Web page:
So while healthy debate is good, the worth of wisdom is vital. GMHBA has neither been a ‘millionaire factory’ nor wasted members’ premiums. It has never been faced with the moral dilemma of paying $100,000 for surgery or denying the claim to pay extra in dividends to shareholders.

    So look out for more Geelong ‘paid celebrities’ and GMHBA members recommending a cash-grab. It will be interesting to see who hops aboard the gravy train to Newcastle! Yet best we simply stay calm, happy and healthy and let GMHBA’s board do its job – nothing more.

    The stark and harsh question is over the years ahead, when it comes to the health, pain and possible death of a loved one, what sort of organisation will you hope is there to help you?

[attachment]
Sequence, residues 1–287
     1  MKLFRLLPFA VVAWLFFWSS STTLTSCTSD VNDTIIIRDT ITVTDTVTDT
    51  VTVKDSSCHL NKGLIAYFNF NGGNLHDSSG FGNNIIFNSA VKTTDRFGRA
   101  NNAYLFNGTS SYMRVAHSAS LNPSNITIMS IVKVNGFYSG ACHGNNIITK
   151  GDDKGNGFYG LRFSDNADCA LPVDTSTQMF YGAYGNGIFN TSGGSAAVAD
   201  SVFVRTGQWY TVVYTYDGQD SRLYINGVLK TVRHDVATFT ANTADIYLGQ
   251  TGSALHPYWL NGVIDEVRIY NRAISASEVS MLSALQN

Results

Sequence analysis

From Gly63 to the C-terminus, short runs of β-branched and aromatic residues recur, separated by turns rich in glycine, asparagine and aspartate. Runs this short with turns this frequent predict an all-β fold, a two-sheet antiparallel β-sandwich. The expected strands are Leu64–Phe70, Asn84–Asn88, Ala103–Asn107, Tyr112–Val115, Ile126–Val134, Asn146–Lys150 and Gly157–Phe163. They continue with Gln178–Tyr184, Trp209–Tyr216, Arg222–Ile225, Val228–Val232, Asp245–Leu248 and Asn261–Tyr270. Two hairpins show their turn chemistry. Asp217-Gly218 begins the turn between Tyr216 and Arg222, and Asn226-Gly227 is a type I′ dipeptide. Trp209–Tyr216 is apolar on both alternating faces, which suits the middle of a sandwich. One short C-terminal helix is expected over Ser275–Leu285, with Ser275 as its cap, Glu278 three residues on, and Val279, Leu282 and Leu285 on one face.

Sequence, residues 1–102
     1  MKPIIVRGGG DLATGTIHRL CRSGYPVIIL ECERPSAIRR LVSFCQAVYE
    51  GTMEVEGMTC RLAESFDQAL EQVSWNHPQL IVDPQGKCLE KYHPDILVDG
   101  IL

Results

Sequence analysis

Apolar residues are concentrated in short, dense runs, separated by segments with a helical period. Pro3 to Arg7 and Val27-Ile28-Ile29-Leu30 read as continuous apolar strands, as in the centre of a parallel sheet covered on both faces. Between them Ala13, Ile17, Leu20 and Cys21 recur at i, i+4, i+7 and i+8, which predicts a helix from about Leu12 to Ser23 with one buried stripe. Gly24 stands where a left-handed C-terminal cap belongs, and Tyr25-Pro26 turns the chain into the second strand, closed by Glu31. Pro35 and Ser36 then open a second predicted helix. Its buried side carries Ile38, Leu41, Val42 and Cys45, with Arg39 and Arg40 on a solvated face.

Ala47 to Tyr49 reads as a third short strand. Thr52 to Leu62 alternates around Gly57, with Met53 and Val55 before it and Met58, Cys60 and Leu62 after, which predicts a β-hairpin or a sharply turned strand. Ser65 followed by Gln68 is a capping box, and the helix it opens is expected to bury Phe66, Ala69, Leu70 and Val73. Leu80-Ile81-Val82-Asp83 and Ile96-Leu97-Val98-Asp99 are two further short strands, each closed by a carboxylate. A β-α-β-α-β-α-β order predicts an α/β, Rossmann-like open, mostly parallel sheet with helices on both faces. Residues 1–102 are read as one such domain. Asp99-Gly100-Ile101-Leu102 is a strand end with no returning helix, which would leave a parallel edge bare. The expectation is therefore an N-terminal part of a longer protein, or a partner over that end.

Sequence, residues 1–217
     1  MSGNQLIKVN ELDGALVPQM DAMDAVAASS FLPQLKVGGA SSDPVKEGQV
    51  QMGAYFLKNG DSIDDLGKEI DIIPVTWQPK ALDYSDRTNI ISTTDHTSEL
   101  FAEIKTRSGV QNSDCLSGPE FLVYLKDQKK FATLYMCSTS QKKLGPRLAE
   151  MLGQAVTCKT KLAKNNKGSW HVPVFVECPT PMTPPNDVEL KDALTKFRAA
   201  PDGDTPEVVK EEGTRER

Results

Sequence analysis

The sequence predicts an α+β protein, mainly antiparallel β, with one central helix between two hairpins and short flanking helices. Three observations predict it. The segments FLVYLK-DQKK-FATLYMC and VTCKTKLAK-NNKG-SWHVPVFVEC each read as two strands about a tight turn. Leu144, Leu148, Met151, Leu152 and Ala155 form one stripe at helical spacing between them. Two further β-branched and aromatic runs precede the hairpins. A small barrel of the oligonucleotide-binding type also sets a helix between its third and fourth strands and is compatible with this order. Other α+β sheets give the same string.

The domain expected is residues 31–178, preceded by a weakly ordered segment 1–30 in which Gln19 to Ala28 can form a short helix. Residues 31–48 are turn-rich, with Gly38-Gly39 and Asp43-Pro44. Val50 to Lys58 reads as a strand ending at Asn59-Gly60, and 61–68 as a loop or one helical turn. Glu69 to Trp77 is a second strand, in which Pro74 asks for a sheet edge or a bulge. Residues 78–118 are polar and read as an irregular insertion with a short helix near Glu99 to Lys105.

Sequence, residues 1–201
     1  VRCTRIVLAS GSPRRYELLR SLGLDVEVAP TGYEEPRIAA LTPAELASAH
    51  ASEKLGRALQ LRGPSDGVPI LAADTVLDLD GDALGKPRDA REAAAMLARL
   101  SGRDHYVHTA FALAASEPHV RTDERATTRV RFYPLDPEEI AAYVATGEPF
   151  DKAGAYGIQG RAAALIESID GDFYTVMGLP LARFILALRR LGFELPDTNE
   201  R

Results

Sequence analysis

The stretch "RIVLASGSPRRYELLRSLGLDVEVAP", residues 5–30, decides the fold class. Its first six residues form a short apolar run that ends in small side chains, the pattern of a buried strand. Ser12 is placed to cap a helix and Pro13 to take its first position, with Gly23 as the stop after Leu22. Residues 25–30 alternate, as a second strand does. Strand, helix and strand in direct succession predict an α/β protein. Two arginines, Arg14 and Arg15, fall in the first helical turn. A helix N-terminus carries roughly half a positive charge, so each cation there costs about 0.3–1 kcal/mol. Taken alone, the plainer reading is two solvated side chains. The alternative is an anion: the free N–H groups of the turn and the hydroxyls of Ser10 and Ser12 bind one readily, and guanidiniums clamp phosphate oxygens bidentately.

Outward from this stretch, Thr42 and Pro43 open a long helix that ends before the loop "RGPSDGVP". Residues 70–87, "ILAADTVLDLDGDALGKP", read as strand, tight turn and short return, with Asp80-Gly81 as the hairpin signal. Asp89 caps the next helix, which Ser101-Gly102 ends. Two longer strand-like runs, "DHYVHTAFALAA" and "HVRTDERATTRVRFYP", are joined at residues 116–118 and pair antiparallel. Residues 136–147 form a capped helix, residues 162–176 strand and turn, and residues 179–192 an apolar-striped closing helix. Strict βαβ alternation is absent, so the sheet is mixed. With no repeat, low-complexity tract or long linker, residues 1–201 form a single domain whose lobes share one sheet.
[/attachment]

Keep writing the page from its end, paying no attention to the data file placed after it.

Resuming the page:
These are the truths and issues left unsaid. So if you care about this issue, why not go ‘on the record’ and post a comment?

  28. Jeff Mould on said:

    Have a look at Central West. Couples top hospital and extras for under $200 per month.

  29. I think brokers don’t give you the best advice possible out there. I’m just wondering though, would anyone be interested if there was a full chart comparing all the insurance companies side by side in terms of that they offer? Or would that be a headache to read?

  30. Jonathan on said:

    I would like to post a quick word of caution to consumers using so called ‘independent’ health insurance comparison services out there.

    Please bear in mind that, aside from the government site mentioned in the article, most of the so called ‘independent’ services out there offering a comparison service only display providers with whom they have commission deals in place.